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*On this date in 1937, Breedlove v. Suttles, 302 U.S. 277 (1937), was decided. This case was an overturned United States Supreme Court decision that upheld the constitutionality of requiring the payment of a poll tax to vote in state elections.
At the time, Georgia imposed a poll tax of $1.00 per year, generally levied on all inhabitants. The statute exempted the tax of anyone under 21 or over 60 and all females who do not register to vote. Under the state constitution, the tax must be paid by the person liable, together with arrears, before he can be registered for voting.
Nolan Breedlove, a white male, 28 years of age, declined to pay the tax and was not allowed to register to vote. He filed a lawsuit challenging Georgia law under the Fourteenth (Equal Protection Clause and the Privileges and Immunities Clause) and the Nineteenth Amendment. T. Earl Suttles was named defendant in the case in his official capacity as a Fulton County, Georgia, tax collector. Justice Butler delivered the unanimous opinion of the court.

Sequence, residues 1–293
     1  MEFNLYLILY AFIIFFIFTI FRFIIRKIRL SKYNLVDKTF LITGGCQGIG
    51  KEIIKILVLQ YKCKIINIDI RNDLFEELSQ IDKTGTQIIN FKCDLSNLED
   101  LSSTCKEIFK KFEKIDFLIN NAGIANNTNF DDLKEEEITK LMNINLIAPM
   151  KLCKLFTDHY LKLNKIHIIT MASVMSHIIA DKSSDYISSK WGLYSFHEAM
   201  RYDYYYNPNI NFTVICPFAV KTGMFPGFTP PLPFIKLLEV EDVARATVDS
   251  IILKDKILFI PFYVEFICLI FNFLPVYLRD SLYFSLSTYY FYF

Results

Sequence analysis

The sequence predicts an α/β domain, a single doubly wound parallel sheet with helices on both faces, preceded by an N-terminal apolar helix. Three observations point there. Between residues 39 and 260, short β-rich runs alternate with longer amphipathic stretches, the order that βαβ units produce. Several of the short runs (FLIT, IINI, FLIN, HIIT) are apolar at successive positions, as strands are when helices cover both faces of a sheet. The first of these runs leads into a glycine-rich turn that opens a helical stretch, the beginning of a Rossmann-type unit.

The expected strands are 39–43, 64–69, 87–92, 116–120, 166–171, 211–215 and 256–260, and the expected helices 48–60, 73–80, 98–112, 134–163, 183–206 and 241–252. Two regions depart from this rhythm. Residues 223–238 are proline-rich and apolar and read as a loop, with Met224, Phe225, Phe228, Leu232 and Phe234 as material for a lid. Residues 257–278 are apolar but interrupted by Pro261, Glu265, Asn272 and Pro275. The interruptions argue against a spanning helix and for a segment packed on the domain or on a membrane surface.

Associate Justice Pierce Butler delivered the court's opinion, which unanimously upheld the Georgia law. Concerning the differential treatment of men and women under the law, the court held that differences between women and men allowed for special consideration to be given to women: The tax being upon persons, women may be exempted based on unique reviews to which they are naturally entitled. Given burdens necessarily borne by them for the preservation of the race, the State reasonably may exempt them from poll taxes.
Concerning the age discrimination claim, the court held that the upper age limit to the tax was like exemptions by age given for military or jury service. Concerning the Nineteenth Amendment, the court dismissed that the tax was "to deny the right of men to vote on account of their sex." Georgia abolished its poll tax in 1945. This decision remained precedent until 1966, when the Supreme Court reversed it in a 6–3 decision in Harper v. Virginia State Board of Elections. Two years earlier, the 24th Amendment had been ratified, prohibiting the use of the poll tax (or any other tax) as a precondition for voting in federal elections. Justice Hugo Black, who participated in the Breedlove and the Harper decision, dissented from the decision declaring the poll tax unconstitutional.